An Ayrshire dairy farm run by two brothers is the latest to join AHDB's strategic farm network to help other farmers learn and improve their business.
Dairy producers will be able to see good practice at Millands Farm, run by James and Wallace Hendrie, through a series of on-farm and virtual events.
Wallace Hendrie said their main motivation to join as a Strategic Dairy Farm lied in their goal to improve the farm's profitability.
"We’re always looking for new ways of doing things and we intend to apply this approach to our role as host farmers," he added.
"As such, we’ve identified a number of key areas we wish to focus on and are keen to share what we learn with other farmers.”
One of the main areas the Hendries' are keen to concentrate on is fertility, the most recent scanning of the Spring herd found a higher empty rate than expected.
Wallace Hendrie said: “It has been really frustrating this year as we put a lot of effort into this yet have not had the success we had hoped for. We are aiming to get the empty rate below 10%.”
Calf health is another area the brothers want to focus on, as they want to improve it further.
Individual cow milk recording has been carried out this year and they hope that if they can improve on the fertility and quality of the youngstock the overall herd performance will improve.
Growth measurements of heifer calves taken have shown improvements in the youngstock, an area they have been pleased with this year.
Sophie Brewster, AHDB Dairy knowledge exchange manager said: “I am looking forward to working with the team at Millands and sharing their journey over the next three years.
"With the same challenges that many Scottish producers face, its role as a Strategic Dairy Farm means other farmers can get involved and apply ideas, methods and learning to their own units, irrespective of system type they use.”
The Hendrie family has been farming in the West of Scotland for over 250 years and bought Millands from the local estate in 1941.
They originally ran a year-round calving system but a change in business direction saw the brothers move to a spring block calving herd at Millands and adjacent farm Netherlands, and an Autumn block calving herd at Purroch Farm.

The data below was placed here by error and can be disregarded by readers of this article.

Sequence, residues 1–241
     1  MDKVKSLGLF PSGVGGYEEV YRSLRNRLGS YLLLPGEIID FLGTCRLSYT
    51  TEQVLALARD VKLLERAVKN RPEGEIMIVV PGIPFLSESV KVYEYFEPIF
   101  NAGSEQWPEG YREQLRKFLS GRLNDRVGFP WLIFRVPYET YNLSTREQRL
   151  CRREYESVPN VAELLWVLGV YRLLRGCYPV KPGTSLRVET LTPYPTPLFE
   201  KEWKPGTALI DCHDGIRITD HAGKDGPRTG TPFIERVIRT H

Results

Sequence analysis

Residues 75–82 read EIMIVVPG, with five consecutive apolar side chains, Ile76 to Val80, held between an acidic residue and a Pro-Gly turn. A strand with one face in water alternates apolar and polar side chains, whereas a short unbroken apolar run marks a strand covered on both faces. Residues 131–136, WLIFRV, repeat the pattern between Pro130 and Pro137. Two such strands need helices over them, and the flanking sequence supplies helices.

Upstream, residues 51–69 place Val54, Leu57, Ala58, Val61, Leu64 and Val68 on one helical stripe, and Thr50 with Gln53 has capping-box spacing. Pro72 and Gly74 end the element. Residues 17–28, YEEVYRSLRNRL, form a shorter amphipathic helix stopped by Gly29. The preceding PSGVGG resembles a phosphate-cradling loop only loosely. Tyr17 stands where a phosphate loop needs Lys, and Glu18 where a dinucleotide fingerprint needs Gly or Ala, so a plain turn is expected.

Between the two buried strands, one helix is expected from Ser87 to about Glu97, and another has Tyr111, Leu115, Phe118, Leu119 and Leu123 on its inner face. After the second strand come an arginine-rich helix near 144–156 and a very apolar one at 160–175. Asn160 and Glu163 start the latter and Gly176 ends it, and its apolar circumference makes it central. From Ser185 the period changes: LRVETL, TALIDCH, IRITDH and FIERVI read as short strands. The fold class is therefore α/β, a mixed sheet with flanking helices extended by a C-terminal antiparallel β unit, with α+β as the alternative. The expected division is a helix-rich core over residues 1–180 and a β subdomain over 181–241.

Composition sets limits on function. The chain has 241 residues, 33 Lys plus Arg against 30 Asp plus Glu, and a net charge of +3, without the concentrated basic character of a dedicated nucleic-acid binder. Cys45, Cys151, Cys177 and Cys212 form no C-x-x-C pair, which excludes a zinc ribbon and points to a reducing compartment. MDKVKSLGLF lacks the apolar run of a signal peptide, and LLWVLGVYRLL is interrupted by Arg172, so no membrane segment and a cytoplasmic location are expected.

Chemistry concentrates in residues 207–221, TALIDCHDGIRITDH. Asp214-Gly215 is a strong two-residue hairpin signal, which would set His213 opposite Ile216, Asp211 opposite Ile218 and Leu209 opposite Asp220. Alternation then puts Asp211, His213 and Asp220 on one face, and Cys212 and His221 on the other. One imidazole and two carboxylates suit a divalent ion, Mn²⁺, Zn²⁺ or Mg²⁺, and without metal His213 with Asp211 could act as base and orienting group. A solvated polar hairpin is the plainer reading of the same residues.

The dairy herd of 600 Holstein Friesian cows is run as a Spring Block calving herd and is currently achieving yields of 5,400 litres per cow, of which 3,575 litres are from forage, at 4.2% butterfat and 3.5% protein, with milk being sold to Muller.
All cows are calved at Millands Farm, with the herd split into two herds running at the home farm of Millands and another grazing block and milking parlour at neighbouring Netherlands Farm.
Calving commences in mid-February, with 71% calving within the first six weeks and lasting around 12 weeks.
The split is based on the first 200 cows calving down, they are then moved to Netherlands farm while the remainder calve and stay at Millands.
The two herds are milked twice daily and housed from mid-October to mid-March.
Millands farm is around 106ha and linked to Netherlands 110ha, which gives a total of 345ha for available ground when including young stock grazing.
The total 345ha is used solely for growing grass. This drives one of the farms main key performance indicators which is to maximise as much milk from forage as possible.
Currently sitting at 3,575 litres of milk from forage the Hendrie’s have set themselves a golden target of 4,000 litres or 76% total milk from forage.
The main challenges to this are seen early in the grazing season and towards the end of the growing season.